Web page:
To bring in more of a Liberal Arts and Science perspective: here was a group of people from vastly different walks of life coming together to try and enact change for an issue that required more than one solution. It’s hard, but it’s possible. Here was a theatrical performance that affected and improved our perspective on a social, political, and economic issue. The forum theatre of Cathy was interdisciplinarity and cross-boundary problem solving at work and it was conducted in an emotionally vulnerable yet polished format. I’m glad that we got to see this performance and widen our horizons on issues for which we can realistically enact change. It was a truly gripping evening.

Contributed by Nelsen Durkee, 1st year LANS student majoring in Geography.

Here are some testimonials from other LANS students on the evening:

Richard William, 1st year LANS student majoring in Political Science.

Cardboard Citizens: Cathy’s tale I have never witnessed a format of theatre quite as engaging and enriching as this. A stimulating topic followed by active intervention in order to stimulate change, followed by discussion and law-making with the aim of proposing change is one of the most interesting forms of political movement that I’ve ever been exposed to. As someone who wishes to reform the political system and in doing so give people more of a voice, I felt that this experience unlocked a closed door behind which lay ideas on creative opportunity for listening to what the people want.[…]

Behind each person is a story, a story which is different, a story which carries with it human suffering at the hands of neglect.[…]

The set was simplistic and yet functional; each piece had its purpose […]

The evening left many feeling united behind the desire to see change, which, in a world of seemingly increased division and pain, is much needed. I would go back time and time again to this style of performance, for even if the script was the same, the response wouldn’t be, and I found the response almost more enriching and engaging than the performance, as it changed the theatre experience from one of passivity where one watches scenes unfold, to one of activeness, allowing for change to occur.

Lizzie Rowland, 2nd Year LANS student majoring in History

I first witnessed the uncontrollable spiral into desperation when I watched Cathy come home. However, I would never imagined the impact seeing the same thing in a modern day context (and on stage rather than screen) would have. I thought the message was more than powerful -scary and moving. The play made me seriously reassess my political understanding (something I thought up until that night I New quite well).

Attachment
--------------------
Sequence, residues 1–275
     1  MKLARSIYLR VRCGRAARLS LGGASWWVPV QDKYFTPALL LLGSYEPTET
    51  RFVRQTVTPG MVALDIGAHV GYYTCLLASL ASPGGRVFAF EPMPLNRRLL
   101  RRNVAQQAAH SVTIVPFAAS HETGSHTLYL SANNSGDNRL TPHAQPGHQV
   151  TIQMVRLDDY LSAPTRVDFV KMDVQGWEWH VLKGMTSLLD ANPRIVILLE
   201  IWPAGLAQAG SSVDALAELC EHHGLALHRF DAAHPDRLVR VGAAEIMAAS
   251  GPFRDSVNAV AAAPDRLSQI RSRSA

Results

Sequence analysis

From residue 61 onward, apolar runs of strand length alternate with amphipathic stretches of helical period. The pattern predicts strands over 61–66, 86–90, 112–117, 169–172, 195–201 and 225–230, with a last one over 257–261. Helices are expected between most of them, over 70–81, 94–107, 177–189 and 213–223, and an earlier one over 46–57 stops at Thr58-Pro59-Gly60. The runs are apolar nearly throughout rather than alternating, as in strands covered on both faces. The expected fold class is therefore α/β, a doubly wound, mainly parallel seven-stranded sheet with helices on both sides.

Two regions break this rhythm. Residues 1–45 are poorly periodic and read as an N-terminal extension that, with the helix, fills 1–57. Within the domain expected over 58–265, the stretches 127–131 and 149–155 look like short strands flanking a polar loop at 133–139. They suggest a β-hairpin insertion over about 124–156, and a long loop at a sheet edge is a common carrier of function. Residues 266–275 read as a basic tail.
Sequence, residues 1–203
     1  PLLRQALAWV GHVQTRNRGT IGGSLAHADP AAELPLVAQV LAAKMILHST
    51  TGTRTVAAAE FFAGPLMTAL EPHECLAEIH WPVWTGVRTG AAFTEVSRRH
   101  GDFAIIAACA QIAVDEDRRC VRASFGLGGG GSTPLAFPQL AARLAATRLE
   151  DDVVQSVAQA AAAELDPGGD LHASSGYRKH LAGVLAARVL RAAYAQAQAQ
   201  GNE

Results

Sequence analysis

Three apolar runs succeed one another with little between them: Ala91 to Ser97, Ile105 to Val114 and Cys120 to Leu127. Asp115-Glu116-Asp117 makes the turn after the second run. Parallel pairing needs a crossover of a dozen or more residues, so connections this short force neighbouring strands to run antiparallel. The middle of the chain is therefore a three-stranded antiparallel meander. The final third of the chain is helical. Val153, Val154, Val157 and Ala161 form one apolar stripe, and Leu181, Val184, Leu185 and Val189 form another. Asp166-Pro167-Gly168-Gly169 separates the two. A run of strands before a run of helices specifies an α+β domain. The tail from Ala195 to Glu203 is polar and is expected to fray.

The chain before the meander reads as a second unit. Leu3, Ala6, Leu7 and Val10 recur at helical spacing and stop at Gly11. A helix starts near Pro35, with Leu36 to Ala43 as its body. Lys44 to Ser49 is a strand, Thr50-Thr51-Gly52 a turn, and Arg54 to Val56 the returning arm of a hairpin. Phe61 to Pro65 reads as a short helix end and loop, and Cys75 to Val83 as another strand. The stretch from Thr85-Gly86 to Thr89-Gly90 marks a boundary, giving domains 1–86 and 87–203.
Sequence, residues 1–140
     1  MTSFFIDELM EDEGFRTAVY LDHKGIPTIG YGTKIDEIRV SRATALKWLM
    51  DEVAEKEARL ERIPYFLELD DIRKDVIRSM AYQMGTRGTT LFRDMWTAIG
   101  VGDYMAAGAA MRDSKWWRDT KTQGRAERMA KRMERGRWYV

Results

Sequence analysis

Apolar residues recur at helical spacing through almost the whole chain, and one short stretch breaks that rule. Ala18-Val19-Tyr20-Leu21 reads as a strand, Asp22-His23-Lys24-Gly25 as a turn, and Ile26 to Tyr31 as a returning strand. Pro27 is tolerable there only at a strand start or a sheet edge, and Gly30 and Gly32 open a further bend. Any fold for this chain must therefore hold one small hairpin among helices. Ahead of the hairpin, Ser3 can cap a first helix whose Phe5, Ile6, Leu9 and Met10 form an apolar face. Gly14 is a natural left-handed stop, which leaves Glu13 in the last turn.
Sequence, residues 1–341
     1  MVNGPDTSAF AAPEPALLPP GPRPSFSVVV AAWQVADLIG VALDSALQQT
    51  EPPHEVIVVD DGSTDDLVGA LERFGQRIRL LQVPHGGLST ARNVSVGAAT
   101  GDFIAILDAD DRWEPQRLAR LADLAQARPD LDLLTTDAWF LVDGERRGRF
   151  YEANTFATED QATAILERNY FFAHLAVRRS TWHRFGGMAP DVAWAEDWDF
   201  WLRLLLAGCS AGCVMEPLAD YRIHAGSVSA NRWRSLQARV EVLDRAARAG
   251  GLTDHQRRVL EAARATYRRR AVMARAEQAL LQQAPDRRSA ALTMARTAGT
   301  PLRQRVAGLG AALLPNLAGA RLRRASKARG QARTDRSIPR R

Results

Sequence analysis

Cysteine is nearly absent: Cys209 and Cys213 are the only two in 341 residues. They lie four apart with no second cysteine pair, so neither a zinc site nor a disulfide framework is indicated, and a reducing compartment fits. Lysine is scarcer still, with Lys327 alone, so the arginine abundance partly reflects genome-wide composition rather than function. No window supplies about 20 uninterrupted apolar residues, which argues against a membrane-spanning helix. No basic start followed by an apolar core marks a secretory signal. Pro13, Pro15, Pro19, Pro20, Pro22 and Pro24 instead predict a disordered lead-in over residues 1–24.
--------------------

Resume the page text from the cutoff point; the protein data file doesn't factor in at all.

Alice Heaps , 1st LANS student majoring in Philosophy

for her blog, check at: https://justonesecondalice.wordpress.com/2017/01/22/cardboard-citizens-cathy/

“As a performance, this play was beautifully arranged and seamlessly executed with a multi-role cast who switched incredibly between situations and characters to make the story feel incredibly real.”

“As a usually helpless audience, the chance to get up on stage and take the places of the characters and fix things for Cathy had a great element of catharsis to it. It seems that Cathy had more options available to her than she realised at the time and, although heartbreaking to see so clearly where she made the mistakes that landed her into homelessness, the solutions provided by the audience highlighted a running theme of education and thorough-thinking as being necessary to preventing such difficult events occurring”

“Experiencing this play both as an individual situation and a representation of the struggles faced by so many people across the country and the world, it hit me just how ordinary the people in the story really were. I like to think of myself as somebody understanding to the situations of others and I make a point not to judge homeless people and help them if I think I can, but even I will admit that it becomes difficult to not assign stereotypes in some situations. Maybe the most important thing that this experience showed me was that something needs to be done from both within the system, to prevent people becoming homeless so easily, but also from outside the system – there needs to be a change in response towards homeless people.

Some of the responses from the audience were worded in a way that made it clear that views remain divided by ‘us’ and ‘them’ with the latter being people without a stable home, I think that there is something fundamentally wrong with this response and that, while changing legislation can be difficult failure-ridden, a change in attitude is something that everyone can do within themselves to help the situation: there is no us and them, we are all people and we all deserve shelter, food, water, warmth and most importantly compassion”

A day submerged in The Tempest

by Jennifer (Qian) Zhang

For the second Tuesday of the term, we set off to Stratford-upon-Avon for a special cultural event: a workshop, joining a rehearsal, then a lecture on ‘Magic and Science’, and finally, the evening show, in the recent RSC production of Shakespeare’s The Tempest. It is difficult to encapsulate such a rich and varied day in one single view, and here below are some of the comments made by my colleagues.